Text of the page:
Nestled inconspicuously from the hustle-bustle of the Lakmé Fashion Week in a boardroom-turned-showroom, along the corridors of the 8th floor of the palatial St. Regis, Mumbai – is where the actual fashion business takes place.
Contrary to all the glitz and glam associated with a regular fashion week, there are no celebrities, street-style aficionados, flashy bloggers or hawk-eyed photographers rummaging the entrance. Instead, a meticulously categorised assortment of garments hang on neatly assembled pole racks, facing long tables that are weighed down with notepads, folders, laptops and lookbooks.
This is the real fashion week, away from the media circus, where the complex task of scrutinizing collections and then taking pieces from sample to shop is undertaken by fashion buyers, i.e. multi-brand retailers and boutique owners.
There are many ways to predict the next big trend for the season, but whether or not those trends will be a big consumer hit, is another story altogether. Here’s where our trend–hunting friends come into the picture – with a keen eye for design and astute business sense, these talented buyers are attuned to understand what you want even before you would know that you want it.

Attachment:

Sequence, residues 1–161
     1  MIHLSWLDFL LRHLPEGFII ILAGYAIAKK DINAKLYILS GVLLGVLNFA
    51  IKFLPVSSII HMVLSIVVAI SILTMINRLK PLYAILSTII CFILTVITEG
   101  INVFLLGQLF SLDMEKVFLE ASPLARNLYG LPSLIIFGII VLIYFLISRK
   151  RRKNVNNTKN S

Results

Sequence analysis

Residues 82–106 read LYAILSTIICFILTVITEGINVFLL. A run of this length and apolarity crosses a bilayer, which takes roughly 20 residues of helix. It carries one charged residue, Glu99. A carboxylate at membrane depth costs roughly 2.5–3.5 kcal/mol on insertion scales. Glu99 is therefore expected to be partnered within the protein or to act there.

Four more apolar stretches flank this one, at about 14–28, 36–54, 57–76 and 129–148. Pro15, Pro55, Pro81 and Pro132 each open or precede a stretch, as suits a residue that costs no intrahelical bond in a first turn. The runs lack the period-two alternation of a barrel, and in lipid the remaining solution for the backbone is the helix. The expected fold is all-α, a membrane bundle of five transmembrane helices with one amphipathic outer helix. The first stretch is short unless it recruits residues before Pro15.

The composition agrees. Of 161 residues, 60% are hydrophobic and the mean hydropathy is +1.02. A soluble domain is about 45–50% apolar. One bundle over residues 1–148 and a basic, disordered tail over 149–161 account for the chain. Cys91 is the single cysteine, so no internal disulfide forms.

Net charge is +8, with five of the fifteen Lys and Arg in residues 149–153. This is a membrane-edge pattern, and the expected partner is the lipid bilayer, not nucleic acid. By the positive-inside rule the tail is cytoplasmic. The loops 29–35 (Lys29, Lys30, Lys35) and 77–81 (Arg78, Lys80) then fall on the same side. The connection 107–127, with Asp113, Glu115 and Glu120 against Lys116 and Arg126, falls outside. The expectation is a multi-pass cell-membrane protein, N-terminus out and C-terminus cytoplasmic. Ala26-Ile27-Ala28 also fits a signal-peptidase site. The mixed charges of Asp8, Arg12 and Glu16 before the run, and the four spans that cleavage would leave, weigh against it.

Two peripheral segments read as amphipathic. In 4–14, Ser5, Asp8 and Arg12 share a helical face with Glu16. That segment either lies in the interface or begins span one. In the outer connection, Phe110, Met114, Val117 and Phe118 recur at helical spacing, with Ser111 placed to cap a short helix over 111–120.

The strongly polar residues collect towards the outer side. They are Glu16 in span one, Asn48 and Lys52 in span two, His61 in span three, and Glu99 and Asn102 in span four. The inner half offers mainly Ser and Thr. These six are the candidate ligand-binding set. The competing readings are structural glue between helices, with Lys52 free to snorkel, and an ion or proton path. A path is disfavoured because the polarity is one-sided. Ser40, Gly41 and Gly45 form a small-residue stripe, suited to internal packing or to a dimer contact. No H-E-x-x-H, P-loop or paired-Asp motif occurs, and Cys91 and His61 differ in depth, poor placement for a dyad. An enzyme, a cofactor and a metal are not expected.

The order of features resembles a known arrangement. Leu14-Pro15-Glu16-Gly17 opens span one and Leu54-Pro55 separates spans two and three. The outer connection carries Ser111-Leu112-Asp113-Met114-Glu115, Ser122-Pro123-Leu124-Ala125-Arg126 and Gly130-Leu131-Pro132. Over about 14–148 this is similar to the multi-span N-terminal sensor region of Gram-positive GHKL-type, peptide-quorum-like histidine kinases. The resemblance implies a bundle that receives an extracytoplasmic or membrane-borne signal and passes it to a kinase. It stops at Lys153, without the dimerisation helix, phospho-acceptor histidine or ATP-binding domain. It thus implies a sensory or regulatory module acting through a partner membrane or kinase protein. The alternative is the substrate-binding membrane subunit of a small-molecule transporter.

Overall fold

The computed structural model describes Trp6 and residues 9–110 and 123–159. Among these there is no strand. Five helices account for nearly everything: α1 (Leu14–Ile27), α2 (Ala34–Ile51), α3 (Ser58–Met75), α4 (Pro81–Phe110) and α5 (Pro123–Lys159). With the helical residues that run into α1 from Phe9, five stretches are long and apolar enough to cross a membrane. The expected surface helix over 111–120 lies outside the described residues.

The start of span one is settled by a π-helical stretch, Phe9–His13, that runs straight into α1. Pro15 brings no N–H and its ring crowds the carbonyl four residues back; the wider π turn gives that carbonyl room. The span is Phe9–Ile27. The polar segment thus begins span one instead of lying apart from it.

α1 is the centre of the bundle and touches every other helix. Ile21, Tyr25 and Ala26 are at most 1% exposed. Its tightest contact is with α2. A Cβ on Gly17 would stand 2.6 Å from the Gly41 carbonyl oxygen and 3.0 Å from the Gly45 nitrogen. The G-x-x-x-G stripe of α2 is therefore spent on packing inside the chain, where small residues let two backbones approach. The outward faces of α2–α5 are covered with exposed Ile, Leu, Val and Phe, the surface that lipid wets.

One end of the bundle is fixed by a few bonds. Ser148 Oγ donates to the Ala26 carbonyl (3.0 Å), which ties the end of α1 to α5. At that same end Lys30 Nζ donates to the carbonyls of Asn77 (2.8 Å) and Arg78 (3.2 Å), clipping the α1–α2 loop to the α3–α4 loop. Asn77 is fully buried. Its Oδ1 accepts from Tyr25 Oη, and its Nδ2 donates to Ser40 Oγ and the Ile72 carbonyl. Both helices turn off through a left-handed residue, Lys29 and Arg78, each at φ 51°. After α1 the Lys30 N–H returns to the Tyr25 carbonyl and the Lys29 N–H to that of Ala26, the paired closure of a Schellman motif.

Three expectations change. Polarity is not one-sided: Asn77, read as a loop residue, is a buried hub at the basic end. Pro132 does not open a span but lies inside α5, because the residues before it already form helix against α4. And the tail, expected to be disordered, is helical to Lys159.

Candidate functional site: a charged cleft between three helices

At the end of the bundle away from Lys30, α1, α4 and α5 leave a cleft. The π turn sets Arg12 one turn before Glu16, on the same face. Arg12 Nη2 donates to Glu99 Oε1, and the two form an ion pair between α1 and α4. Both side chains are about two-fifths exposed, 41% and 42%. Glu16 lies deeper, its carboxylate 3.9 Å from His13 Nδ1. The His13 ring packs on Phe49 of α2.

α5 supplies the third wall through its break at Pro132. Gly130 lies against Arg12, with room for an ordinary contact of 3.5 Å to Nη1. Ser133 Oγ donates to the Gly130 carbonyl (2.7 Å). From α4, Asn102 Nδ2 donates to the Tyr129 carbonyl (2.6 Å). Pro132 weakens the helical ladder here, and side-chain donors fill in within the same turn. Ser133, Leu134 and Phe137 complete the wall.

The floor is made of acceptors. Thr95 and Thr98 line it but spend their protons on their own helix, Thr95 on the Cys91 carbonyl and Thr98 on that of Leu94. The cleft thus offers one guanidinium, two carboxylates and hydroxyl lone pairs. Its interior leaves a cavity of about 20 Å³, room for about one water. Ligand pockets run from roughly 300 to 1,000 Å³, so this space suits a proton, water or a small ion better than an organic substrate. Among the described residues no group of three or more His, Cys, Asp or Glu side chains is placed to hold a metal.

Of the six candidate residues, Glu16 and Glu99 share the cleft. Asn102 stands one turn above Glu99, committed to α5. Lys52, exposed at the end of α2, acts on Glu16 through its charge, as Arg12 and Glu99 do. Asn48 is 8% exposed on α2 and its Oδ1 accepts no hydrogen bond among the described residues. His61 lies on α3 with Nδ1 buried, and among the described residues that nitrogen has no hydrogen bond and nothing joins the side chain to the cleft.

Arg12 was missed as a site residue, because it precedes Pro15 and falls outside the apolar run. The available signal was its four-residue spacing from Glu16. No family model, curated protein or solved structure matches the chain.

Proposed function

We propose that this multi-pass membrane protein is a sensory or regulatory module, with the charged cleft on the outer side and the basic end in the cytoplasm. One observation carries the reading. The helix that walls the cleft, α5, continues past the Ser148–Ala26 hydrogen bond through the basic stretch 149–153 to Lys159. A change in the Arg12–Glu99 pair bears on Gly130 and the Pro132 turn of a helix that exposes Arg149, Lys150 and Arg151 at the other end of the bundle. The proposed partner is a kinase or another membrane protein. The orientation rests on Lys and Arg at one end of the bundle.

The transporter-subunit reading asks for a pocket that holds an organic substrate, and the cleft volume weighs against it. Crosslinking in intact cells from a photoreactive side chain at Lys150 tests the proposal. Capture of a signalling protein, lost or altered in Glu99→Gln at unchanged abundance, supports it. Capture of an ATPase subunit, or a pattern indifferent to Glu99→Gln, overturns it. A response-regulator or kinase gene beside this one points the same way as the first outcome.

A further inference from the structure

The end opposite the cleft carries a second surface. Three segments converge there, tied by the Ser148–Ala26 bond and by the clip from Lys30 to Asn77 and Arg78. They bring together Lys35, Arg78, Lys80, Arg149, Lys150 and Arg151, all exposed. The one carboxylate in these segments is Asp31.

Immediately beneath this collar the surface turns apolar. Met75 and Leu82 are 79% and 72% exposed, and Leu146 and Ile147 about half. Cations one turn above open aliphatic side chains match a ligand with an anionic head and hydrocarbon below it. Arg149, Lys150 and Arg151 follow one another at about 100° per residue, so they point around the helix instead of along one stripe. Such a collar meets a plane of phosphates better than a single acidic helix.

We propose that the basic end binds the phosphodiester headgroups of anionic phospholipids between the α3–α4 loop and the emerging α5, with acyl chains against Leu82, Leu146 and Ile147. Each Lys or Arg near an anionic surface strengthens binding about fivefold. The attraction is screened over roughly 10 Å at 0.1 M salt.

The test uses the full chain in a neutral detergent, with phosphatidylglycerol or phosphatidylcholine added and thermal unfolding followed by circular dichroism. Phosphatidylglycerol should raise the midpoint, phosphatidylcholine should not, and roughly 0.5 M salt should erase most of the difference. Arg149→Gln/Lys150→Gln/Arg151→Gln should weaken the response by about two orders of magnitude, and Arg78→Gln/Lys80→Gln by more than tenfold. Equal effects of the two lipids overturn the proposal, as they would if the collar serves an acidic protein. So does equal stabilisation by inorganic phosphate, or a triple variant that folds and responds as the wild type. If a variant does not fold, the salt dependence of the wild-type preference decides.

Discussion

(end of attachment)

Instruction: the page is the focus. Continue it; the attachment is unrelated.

The five days fashion extravaganza wrapped up with buyers reviewing collections that scored high on transparency, coordinated sets pastels, mirror work, Indian-fusion wear, tailoring and bohemian looks.
Apparel Resources(AR) sat down and had a chat with the top brains in the fashion retail business from all over the globe including, Europe, the Middle East, Japan, US as well as domestic (Indian) players, to bring to you the insider report on what will really sell in the upcoming season.
So get your pen and paper/Notes app ready – as we are about to reveal the top picks of international buyers from Lakmé Fashion Week’s Winter/Festive 2018 edition – including the most sellable designers and the bestselling trends…
TOMOKO INUZUKA – VERMEERIST BEAMS, HARAJUKU, JAPAN
Tomoko works with styles that are very unique and different from the rest – in this light, Chola worked very well for her clientele. The clientele her store caters to in Japan, is extremely niche, where you find the likes of creatives such as artists, singers, celebrities who don’t mind experimenting.